The plaintiff excepts to and appeals from an order of the Superior Court sustaining a demurrer to its declaration and a denial of its motion for leave to amend. The case involves an alleged agreement by the Boston Redevelopment Authority to "pay and reimburse the plaintiff for the relocation expenses which . . . [it] would incur in becoming established in a new location." We think that a recital of the facts alleged in the original declaration and in the proposed amended declaration and the grounds set out in the demurrer would not be of any particular benefit. Because we believe that the issues before us are governed by our recent decision in the case of Graphic Arts Finishers, Inc. v. Boston Redevelopment Authy. 357 Mass. 40 , a repetition of a discussion of the legal principles would not be of any special judicial value. In our view the original declaration and also the proposed amended declaration state a cause of action. Consequently, it was error to sustain the demurrer and to deny the plaintiff's motion for leave to amend. We have dealt with the case on the exceptions and do not consider the appeals.
This is a petition for contempt alleging noncompliance by the self-insurer with a decree after rescript in a workmen's compensation case. The rescript on which the decree was based resulted from our decision in 355 Mass. 66 . After hearing, the judge denied the petition. The employee appealed. We treat the denial, although not embodied in a decree, as in substance a final decree. See Bressler v. Averbuck, 322 Mass. 139 , 143. There was no error. The judge made no findings of fact and there is no report of the evidence. "In the absence of a report of the evidence or a report by the judge of the material facts found by him, the only question open is the power of the court to enter a decree upon any evidence which might have been presented." Dunn v. McSweeney, 338 Mass. 270 , 273. The judge, to be sure, had before him a stipulation as to certain facts. But there is nothing in the record to show it to be the only evidence or facts before the court. It cannot, therefore, be said; hat, on evidence which the judge might have heard, the decision below was erroneous.
The plaintiff excepts to the direction of a verdict for the defendant on the plaintiff's opening statement which we summarize. On November 24, 1965, the plaintiff worked as a switchboard operator for the Commonwealth's Department of Public Works on the sixth floor of the new State office building which was being erected by the defendant for the Commonwealth. While leaving the building at the end of her work day she was injured when she "slipped upon one of a number of metal strips which, with other pieces of construction debris, were strewn over . . . [the surface of a cement sidewalk near the exit door, and which] had been negligently left in the area by defendant's employees." On that date the Commonwealth was occupying only the lobby and floors 6, 10, 11 and 12 of the building; other portions were not completed.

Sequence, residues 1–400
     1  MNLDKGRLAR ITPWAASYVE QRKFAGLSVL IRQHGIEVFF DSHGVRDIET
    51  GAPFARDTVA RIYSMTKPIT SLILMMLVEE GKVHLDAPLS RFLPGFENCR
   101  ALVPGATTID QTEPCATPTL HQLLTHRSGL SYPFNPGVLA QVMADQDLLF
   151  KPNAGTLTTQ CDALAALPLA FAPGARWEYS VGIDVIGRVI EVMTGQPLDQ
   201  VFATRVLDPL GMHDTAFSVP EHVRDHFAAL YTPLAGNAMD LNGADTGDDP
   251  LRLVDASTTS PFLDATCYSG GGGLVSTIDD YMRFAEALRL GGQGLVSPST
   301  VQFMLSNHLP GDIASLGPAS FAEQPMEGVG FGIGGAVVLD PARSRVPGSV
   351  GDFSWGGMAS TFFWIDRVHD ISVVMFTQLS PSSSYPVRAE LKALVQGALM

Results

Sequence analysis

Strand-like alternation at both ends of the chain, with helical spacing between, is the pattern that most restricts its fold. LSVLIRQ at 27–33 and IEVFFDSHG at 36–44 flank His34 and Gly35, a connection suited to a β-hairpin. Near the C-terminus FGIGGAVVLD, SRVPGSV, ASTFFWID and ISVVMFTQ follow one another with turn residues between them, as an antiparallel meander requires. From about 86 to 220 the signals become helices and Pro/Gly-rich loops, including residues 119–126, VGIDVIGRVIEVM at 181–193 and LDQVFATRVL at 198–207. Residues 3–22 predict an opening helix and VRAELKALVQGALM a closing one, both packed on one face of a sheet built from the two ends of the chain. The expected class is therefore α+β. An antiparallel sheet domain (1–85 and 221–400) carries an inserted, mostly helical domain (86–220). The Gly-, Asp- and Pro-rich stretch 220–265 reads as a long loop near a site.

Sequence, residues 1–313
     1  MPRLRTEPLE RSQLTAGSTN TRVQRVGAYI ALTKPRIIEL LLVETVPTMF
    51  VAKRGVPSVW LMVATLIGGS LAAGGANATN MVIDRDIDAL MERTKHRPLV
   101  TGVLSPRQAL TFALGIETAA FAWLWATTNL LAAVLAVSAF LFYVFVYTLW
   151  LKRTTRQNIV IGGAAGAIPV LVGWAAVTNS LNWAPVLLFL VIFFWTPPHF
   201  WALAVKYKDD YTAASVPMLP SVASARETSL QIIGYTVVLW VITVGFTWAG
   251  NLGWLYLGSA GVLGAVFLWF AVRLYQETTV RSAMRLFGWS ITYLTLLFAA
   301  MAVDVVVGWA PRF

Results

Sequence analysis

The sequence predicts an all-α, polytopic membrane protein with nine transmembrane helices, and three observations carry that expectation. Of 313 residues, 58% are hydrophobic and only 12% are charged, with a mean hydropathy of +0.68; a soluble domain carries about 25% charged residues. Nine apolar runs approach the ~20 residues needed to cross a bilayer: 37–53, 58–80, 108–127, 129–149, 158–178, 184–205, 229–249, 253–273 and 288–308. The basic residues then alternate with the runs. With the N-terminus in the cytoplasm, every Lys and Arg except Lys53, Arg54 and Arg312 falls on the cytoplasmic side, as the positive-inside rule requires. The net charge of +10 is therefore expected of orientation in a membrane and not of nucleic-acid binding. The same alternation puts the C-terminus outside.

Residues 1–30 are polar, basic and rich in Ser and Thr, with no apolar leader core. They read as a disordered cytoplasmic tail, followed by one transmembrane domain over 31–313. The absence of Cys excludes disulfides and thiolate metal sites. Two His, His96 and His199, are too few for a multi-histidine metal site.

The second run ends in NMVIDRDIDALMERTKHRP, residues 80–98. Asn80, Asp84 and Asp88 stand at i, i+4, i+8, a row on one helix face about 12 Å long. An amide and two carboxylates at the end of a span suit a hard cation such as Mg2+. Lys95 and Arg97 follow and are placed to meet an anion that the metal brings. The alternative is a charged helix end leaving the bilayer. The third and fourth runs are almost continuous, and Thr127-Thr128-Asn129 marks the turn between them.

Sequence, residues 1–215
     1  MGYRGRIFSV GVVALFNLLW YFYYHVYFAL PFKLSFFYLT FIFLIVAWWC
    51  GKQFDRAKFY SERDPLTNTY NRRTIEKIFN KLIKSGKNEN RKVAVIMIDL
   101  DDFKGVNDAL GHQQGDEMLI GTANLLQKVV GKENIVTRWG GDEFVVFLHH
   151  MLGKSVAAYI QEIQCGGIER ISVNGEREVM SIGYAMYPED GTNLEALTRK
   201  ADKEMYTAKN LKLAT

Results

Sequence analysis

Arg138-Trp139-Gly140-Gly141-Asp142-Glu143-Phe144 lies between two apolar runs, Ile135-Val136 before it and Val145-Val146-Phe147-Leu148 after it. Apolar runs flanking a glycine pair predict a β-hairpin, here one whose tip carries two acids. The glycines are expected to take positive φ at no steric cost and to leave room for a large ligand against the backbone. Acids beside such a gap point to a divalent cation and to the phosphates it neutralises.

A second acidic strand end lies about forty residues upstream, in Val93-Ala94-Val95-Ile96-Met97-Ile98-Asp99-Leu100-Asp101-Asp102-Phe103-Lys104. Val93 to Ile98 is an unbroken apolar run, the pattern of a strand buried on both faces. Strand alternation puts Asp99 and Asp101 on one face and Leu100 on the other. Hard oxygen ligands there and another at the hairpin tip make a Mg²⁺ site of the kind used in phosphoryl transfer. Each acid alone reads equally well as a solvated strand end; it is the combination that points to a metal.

The plaintiff claimed and received workmen's compensation benefits from the Commonwealth for her injury, and was still receiving such benefits at the start of the trial of this action in tort against the defendant for the same injury. The sole contention of the defendant is that the plaintiff, on the date of her injury, "was assisting in the advance preparation of the building for acceptance by the Commonwealth and for use by [its] various departments," and that therefore "[b]oth the defendant and the plaintiff . . . were to that extent working for a common employer." There is no basis in the record for this contention. The verbatim report of the plaintiff's opening does not state or permit an inference that the plaintiff "was assisting in the advance preparation of the building" or that the plaintiff and defendant were in any way "working for a common employer" for the purposes of G. L. c. 152, Section 15. On this record there is no need to consider whether the Commonwealth is an "insured" or "insured person" within the definitions contained in G. L. c. 152, Section 1 (6), or to consider alleged inconsistencies on this question in the opinions in Saxe's Case, 242 Mass. 290 , Pettiti v. Edward J. McHugh & Son, Inc. 341 Mass. 566 , 571, and Moschetta v. Quincy, 347 Mass. 80 (and concurring opinion, 84-90).